While there are many ways to use Web 2.0 in marketing strategy, I'd like to offer a basic template.
First, start blogging. Forget what you've come to think about blogs and bloggers. The goal for your blog is to supply information that customers and prospects can use, therefore positioning your firm and its people as expert resources that they will turn to time and time again. The ideal frequency is once or twice a week. If this seems like it's too often, consider that blog entries don't have to be long (I find sub-500 word entries work best), and that it is perfectly acceptable, perhaps preferable, to be a “filter.”
Filtering, in blog terms, is the process of finding the latest information of interest to your audience and passing it along to them along with your firm's expert analysis and commentary. I know this seems overly simple, but it is a valuable time saver for people interested in any topic, and possibly more so for busy, industrial professionals who prefer not to spend lots of time surfing the Web.
Next, get your audience members interacting with each other. Encouraging comments on your blog is a good start, but you'll also want to consider using a social network. You can very easily set up a Facebook fan page that acts as a repository for your filtering activities while giving your audience (customers and prospects) a simple way to share information and network among themselves.
For the more adventurous spirits, setting up a separate social network for a company or product is a very viable option. It can even be done for free at www.ning.com. (Please note that LinkedIn is a great social network in which you should have a company profile, but it does not allow for community building around a firm.)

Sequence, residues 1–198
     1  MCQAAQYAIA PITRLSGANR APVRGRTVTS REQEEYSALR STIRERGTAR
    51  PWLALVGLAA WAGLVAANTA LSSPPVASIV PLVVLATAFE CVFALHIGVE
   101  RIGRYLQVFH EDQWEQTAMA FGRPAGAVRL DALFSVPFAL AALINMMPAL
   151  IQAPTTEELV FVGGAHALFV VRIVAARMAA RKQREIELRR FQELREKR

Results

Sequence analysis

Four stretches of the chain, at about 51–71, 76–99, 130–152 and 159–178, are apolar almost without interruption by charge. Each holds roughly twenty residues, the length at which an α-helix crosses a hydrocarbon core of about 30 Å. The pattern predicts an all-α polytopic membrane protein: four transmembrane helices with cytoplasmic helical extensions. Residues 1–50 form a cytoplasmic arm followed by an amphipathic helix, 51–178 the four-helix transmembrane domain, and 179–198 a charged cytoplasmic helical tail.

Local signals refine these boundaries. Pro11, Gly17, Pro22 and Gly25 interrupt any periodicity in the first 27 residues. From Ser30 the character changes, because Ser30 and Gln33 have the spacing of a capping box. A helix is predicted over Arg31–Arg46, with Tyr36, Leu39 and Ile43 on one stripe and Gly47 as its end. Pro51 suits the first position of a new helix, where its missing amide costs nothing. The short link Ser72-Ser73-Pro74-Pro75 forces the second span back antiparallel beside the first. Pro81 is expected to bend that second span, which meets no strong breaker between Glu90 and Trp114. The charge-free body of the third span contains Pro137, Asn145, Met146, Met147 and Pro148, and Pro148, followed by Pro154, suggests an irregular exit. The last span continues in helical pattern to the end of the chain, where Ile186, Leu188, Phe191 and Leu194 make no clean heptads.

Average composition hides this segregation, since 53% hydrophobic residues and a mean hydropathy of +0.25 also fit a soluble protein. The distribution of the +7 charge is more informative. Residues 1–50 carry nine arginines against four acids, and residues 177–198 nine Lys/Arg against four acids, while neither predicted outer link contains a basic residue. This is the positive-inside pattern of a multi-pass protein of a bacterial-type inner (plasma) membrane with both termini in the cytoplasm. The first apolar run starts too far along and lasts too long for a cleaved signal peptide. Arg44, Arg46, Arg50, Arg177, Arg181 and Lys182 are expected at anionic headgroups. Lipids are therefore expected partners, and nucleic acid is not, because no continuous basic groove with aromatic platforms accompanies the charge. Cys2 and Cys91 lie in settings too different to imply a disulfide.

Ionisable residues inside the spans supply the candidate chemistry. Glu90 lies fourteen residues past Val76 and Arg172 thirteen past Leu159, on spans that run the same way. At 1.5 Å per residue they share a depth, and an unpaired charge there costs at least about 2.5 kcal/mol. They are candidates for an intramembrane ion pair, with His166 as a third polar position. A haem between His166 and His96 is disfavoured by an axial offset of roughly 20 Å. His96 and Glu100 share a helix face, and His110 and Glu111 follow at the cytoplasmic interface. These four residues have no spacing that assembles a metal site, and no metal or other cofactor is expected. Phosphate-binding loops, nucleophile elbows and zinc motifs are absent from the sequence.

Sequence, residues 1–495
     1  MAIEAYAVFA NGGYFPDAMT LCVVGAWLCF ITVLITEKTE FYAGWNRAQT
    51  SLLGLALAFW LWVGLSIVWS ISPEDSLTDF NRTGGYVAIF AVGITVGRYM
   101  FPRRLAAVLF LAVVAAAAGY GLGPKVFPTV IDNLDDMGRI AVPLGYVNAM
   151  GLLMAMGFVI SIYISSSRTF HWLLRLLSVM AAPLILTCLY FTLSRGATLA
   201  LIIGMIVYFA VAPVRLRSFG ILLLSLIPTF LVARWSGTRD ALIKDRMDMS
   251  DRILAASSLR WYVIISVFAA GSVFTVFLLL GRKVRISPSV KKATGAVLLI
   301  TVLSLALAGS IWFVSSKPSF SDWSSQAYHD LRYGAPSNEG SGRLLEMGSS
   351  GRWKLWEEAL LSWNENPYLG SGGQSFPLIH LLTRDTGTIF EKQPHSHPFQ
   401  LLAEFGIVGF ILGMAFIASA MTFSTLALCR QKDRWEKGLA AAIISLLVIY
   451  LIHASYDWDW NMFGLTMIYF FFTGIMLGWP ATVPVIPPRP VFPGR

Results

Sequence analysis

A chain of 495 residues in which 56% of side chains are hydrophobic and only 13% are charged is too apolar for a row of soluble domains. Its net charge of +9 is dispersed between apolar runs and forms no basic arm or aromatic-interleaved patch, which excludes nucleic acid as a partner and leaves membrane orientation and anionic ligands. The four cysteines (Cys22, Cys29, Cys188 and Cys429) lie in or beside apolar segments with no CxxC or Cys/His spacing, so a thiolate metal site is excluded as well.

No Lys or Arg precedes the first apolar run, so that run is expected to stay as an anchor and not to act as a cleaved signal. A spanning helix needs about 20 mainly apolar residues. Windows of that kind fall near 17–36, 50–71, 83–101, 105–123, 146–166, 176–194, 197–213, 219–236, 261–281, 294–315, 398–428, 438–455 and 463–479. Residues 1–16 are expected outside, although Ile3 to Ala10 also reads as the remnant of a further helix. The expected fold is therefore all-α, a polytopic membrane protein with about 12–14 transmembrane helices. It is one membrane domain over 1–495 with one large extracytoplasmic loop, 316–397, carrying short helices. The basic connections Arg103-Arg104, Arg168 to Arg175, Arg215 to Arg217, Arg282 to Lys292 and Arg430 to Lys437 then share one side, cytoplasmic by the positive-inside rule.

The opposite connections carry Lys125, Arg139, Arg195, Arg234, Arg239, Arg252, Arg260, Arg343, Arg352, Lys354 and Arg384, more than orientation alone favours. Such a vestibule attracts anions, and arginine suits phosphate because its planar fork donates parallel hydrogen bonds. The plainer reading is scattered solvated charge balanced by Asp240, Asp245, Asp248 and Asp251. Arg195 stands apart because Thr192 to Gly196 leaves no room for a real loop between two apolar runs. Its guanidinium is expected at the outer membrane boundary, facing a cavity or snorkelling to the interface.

Once the first two steps are complete, integrate your Web 2.0 work into the rest of your marcomm mix. For example, your blog should be publishing information that supports the efforts of your sales force. Your blog can highlight new uses for your product, problem-solution case studies, or information that pre-empts typical customer objections.
Likewise, salespeople should encourage people to subscribe to the firm's blog and participate in its social network. (It's OK to give them an incentive.) All advertisements should point prospects to the blog. Also, the blog and social network need to guide people to the Web site of any medium that is running a story about the company or its products.
All of this activity makes it look like your firm is showing up everywhere, and increases the touch points between your company, its customers and its prospects — and this is accomplished very inexpensively.
Clearly, this just scratches the surface. But if I leave you with only one thing, I hope you now want to start using out-of-control marketing to help you reach your sales and marketing goals.
Giannini is a consultant, author and an assistant professor and chair of the business, management, and economics department at Cedar Crest College in Allentown, Pa.